Cavernous malformations, or cavernomas, are small vascular abnormalities not infrequently found in the brain and brain stem. A cavernous malformation is a sack like structure with fragile walls and blood flow within them can be very slow or still. They may be incidental findings, but do carry a small chance of bleeding, and depending on the location may cause seizures. Brainstem cavernomas have higher rates of bleeding, and cavernomas that have previously bled are more likely to have recurrent bleeding. Surgical resection is uncommon unless the lesion is symptomatic and accessible.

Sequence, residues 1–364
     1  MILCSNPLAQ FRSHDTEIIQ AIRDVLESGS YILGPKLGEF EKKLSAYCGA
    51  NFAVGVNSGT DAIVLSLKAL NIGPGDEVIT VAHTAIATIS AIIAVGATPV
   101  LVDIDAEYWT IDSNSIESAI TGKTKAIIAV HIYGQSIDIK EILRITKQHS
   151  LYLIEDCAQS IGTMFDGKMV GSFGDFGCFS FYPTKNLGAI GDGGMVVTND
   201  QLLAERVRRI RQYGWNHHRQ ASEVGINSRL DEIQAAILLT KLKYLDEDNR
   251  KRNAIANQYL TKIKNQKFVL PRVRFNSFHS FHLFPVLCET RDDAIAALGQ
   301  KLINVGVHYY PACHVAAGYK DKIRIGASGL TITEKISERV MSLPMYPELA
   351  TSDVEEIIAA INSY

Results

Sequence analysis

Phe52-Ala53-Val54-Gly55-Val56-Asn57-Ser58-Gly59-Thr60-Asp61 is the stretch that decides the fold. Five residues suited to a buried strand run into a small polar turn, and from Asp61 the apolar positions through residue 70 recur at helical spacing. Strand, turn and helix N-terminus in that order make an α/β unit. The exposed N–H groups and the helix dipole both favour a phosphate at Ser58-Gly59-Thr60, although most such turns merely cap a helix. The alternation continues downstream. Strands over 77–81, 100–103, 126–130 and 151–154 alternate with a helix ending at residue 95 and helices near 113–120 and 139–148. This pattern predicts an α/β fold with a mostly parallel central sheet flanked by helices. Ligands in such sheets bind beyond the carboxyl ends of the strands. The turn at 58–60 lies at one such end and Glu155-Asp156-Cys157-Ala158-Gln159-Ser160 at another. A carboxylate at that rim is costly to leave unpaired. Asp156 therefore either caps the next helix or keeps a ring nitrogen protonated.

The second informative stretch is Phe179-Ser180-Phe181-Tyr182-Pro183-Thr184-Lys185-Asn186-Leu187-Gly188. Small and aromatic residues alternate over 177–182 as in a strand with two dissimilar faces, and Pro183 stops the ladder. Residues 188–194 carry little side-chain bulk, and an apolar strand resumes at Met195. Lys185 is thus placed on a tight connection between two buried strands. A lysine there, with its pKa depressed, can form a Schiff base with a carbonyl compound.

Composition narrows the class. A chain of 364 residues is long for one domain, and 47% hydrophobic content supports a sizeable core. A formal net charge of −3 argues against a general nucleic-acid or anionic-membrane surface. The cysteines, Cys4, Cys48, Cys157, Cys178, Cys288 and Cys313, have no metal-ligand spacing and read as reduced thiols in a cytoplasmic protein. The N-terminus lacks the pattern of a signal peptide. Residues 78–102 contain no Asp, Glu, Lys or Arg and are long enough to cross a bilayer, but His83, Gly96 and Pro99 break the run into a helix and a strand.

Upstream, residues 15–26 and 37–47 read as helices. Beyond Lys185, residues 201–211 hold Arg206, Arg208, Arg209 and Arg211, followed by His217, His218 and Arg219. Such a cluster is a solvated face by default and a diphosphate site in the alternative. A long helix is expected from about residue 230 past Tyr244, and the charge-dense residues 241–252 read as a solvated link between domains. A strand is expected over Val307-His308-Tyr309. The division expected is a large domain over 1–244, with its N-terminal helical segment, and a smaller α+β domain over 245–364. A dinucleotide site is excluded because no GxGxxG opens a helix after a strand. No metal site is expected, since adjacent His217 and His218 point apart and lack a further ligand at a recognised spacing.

SWI sequence brain MRI (blood sensitive). Some people have many, many cavernomas – usually due to a mutation in the KRIT1 or CCM gene. In this case patients may present at a young age and cavernomas may be familial.
T2W Brain MRI, green arrow shows cavernoma

Cavernomas are often described as looking like ‘popcorn’ due to the lobulated appearance on MRI.

Another important aspect of cavernomas – due to the slow blood flow, they are not seen on angiography, despite being vascular anomalies.